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Homo floresiensis

Archaic human from Flores, Indonesia / From Wikipedia, the free encyclopedia

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Homo floresiensis ( /flɔːrˈsɛn.sɪs/ also known as "Flores Man"; nicknamed "Hobbit"[2]) is an extinct species of small archaic human that inhabited the island of Flores, Indonesia, until the arrival of modern humans about 50,000 years ago.

Quick facts: Homo floresiensis Temporal range 0.190–0.050...
Homo floresiensis
Temporal range: 0.190–0.050 Ma[1]
H. floresiensis skull, Cantonal Museum of Geology, Switzerland
Scientific classification
Kingdom: Animalia
Phylum: Chordata
Class: Mammalia
Order: Primates
Suborder: Haplorhini
Infraorder: Simiiformes
Family: Hominidae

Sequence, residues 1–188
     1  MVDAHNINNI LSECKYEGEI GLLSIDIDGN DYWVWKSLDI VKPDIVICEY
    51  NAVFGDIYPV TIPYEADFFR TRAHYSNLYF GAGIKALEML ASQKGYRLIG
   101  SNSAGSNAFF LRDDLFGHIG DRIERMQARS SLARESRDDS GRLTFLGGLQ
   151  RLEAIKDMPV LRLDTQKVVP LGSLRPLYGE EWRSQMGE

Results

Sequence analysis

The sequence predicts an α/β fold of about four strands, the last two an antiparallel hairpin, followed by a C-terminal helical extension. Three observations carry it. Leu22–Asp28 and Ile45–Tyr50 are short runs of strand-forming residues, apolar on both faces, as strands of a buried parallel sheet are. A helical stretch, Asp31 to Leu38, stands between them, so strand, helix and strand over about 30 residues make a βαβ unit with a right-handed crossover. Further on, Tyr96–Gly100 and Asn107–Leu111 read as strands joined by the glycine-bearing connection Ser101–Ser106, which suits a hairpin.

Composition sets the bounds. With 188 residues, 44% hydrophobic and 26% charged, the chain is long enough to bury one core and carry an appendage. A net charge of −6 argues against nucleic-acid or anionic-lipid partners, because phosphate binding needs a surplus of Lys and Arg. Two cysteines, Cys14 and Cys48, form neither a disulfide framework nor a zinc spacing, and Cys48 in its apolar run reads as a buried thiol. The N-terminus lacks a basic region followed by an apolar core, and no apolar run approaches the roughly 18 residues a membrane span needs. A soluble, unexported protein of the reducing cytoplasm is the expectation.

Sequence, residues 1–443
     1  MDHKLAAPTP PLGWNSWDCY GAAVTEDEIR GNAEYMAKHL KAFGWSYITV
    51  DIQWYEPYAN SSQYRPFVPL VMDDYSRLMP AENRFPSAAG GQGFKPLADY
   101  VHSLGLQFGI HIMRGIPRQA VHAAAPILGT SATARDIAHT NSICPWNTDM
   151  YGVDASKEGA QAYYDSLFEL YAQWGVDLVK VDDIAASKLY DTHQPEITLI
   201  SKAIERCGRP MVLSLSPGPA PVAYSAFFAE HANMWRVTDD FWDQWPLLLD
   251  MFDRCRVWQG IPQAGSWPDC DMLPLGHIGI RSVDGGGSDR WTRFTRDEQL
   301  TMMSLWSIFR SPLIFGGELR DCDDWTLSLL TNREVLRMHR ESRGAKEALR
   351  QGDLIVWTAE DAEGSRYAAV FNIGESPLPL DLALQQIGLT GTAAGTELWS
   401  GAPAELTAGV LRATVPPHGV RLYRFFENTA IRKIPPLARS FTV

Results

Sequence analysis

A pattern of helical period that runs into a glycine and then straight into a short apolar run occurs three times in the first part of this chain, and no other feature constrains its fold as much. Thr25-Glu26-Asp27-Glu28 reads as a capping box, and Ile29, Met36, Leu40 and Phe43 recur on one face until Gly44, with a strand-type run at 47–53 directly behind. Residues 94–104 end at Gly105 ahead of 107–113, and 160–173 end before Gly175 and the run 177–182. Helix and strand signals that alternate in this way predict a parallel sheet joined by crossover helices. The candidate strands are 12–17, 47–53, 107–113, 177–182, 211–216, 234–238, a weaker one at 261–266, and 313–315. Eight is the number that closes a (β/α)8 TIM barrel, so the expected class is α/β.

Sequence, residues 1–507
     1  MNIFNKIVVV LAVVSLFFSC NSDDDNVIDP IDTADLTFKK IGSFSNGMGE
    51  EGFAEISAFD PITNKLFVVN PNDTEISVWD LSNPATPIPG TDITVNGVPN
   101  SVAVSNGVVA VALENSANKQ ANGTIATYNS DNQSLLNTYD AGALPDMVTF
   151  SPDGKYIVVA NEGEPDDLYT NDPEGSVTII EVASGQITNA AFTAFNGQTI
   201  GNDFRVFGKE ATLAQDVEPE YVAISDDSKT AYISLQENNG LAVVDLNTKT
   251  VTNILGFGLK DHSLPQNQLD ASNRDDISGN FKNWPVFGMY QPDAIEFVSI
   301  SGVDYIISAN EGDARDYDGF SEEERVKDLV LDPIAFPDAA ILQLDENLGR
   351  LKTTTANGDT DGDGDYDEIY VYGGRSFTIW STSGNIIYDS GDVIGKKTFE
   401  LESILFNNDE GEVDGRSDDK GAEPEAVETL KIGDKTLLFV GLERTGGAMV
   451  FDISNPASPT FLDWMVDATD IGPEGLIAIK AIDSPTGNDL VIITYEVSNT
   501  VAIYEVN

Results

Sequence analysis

Subfamily: Homininae
Tribe: Hominini
Genus: Homo
H. floresiensis
Binomial name
Homo floresiensis
Brown et al., 2004
Flores in Indonesia, shown highlighted in red

The remains of an individual who would have stood about 1.1 m (3 ft 7 in) in height were discovered in 2003 at Liang Bua on the island of Flores in Indonesia. Partial skeletons of at least nine individuals have been recovered, including one complete skull, referred to as "LB1".[3][4] These remains have been the subject of intense research to determine whether they were diseased modern humans or a separate species; a 2017 study concludes by phylogenetic analysis that H. floresiensis is an early species of Homo, a sister species of Homo habilis.[5]

This hominin was at first considered remarkable for its survival until relatively recent times, initially thought to be only 12,000 years ago.[6] However, more extensive stratigraphic and chronological work has pushed the dating of the most recent evidence of its existence back to 50,000 years ago.[7][8][9] The Homo floresiensis skeletal material is now dated from 60,000 to 100,000 years ago; stone tools recovered alongside the skeletal remains were from archaeological horizons ranging from 50,000 to 190,000 years ago.[1]